Poor customer care could be the country’s greatest national crisis

What you need to know:

Most of the media’s look back at the past 50 years of Uganda’s independence has tended to report on the political events, problems and actors. However, there are many more pressing problems that blight Uganda and the failure to pay attention to detail ranks among the leading ones.

We can start with the national problem of poor customer care.
Exhibit A: Umeme, the national electricity company, is a near monopoly supplying about 90 per cent of Uganda’s electricity. Seated on a pile of money, with a relatively well-paid workforce (some top managers earn multiple millions of dollars a month) and which workforce is seemingly well-educated. But the inability to get work done amazes.

I’ve been reporting a lack of power in my house since Saturday morning, April 7. Several phone calls, reminders and appeals later, nothing had been done by Thursday morning, April 12.

Umeme’s customer care department was somehow unable to get the message on to its field technicians. Each customer care person answering the calls is polite, educated and seems concerned about the problem and is willing to help.

Asked why, if the field technicians are overwhelmed with work, Umeme, with all its cash pile cannot hire a few more, and I was met with silence.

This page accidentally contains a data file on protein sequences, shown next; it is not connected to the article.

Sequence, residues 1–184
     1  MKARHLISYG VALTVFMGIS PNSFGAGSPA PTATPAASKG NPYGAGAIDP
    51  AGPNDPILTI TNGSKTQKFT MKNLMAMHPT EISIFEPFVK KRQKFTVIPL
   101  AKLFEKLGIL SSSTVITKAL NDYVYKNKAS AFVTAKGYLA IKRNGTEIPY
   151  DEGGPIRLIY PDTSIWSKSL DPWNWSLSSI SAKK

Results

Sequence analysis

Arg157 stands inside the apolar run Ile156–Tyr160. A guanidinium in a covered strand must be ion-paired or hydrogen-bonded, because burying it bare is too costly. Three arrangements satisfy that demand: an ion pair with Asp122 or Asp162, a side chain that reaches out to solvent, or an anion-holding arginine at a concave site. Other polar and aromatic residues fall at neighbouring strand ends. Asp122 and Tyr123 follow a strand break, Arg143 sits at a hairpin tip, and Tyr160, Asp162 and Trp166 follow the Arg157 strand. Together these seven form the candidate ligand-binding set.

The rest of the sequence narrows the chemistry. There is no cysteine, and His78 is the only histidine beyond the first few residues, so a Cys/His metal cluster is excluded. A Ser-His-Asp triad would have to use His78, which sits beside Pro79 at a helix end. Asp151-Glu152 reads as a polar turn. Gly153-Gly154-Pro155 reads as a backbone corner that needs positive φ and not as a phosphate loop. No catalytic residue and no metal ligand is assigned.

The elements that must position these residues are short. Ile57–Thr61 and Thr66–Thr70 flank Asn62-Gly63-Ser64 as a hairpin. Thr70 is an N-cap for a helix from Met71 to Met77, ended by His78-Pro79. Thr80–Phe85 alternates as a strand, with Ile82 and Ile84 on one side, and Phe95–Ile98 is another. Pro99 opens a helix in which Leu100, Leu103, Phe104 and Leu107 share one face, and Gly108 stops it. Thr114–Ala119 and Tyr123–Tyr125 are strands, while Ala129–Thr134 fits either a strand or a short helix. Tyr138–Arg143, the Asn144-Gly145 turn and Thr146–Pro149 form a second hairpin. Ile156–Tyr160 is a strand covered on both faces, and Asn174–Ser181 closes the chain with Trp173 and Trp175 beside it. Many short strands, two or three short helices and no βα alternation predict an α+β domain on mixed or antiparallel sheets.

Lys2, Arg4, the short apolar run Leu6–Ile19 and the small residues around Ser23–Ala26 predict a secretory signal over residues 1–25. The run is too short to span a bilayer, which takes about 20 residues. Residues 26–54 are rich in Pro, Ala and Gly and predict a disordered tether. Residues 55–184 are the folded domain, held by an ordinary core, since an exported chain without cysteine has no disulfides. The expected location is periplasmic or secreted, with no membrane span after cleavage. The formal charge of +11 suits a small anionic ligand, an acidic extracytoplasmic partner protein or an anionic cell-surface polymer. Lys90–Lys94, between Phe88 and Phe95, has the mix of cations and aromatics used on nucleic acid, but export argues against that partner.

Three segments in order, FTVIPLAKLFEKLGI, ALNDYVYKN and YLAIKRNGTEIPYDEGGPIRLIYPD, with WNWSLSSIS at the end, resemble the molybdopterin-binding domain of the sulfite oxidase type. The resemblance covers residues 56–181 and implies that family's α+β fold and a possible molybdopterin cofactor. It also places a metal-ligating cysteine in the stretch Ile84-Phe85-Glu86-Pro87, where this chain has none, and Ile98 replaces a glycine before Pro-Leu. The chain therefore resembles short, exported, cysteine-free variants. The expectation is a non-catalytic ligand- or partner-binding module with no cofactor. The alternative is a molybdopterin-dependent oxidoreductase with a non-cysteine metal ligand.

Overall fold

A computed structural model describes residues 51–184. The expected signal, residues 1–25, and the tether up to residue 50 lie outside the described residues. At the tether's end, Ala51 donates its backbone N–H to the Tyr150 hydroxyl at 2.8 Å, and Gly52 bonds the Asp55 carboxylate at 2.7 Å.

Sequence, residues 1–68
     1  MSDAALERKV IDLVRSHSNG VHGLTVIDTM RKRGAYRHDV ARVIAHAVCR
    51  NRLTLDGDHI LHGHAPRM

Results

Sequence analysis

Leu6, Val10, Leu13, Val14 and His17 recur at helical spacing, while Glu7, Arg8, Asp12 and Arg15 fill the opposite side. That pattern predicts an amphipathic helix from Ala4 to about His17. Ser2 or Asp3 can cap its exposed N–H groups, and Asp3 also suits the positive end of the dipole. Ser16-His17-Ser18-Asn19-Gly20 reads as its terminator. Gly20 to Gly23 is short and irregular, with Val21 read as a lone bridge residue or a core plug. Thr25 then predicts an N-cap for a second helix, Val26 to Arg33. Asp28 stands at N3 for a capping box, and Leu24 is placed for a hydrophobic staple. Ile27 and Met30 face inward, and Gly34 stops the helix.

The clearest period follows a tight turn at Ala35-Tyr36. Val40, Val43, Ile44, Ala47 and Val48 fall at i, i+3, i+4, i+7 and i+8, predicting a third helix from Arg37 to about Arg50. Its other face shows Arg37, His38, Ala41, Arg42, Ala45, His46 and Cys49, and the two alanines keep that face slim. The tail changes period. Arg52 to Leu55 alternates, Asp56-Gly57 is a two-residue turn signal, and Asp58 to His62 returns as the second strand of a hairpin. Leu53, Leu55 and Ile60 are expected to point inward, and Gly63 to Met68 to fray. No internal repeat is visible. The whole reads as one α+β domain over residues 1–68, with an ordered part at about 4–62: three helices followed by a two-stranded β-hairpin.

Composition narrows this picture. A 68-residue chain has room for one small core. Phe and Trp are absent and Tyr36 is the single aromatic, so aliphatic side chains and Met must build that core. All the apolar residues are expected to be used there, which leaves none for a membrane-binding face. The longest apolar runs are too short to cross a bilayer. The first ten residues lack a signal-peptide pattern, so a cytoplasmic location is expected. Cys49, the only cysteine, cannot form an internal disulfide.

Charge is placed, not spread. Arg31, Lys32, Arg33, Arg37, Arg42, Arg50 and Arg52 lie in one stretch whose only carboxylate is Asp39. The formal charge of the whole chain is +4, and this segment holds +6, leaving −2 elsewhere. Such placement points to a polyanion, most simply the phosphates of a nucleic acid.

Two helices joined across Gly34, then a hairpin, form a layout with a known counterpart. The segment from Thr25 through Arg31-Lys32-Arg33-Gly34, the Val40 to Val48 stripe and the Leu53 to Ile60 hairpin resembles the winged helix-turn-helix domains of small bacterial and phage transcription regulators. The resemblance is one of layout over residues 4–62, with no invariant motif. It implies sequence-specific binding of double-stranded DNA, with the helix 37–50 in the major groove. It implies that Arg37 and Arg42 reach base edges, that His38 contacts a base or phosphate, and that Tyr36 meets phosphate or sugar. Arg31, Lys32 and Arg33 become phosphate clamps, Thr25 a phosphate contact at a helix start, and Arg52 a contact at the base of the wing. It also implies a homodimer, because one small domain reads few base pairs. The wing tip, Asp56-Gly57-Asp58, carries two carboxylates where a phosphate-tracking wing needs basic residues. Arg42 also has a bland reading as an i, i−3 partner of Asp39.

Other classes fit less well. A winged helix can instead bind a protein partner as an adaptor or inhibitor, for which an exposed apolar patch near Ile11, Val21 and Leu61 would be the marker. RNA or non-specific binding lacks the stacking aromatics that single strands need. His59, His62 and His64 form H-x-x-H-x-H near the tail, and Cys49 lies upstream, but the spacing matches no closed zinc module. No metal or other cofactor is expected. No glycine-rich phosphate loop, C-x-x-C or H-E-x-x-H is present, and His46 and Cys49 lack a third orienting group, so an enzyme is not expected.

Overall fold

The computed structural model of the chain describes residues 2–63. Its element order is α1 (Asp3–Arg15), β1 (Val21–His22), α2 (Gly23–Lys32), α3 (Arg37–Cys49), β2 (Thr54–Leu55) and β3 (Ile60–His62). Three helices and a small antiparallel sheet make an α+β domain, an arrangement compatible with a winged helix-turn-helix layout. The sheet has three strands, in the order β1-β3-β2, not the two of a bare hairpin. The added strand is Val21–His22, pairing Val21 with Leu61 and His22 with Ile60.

Last year, we had a power problem in which I reported for nearly two weeks but Umeme was simply unable to marshal all its resources, machinery, men and money to fix it.

I have noted the same crisis at Warid, InConnect, Orange, MTN, National Water to some degree and other corporations that offer public utilities and services: Customer care numbers that most of the time are not answered and one discovers it is better to get hold of a personal mobile phone number of staff in those companies in order to get a problem solved.

Cash not a solution
Umeme is a perfect case study of a deeply-rooted problem in Africa that no amount of oil, diamonds, gold and copper, no amount of universal primary, secondary or even universal university education, no number of general elections, no limits to or unlimited presidential terms, no size of Parliament and no level of free speech can solve.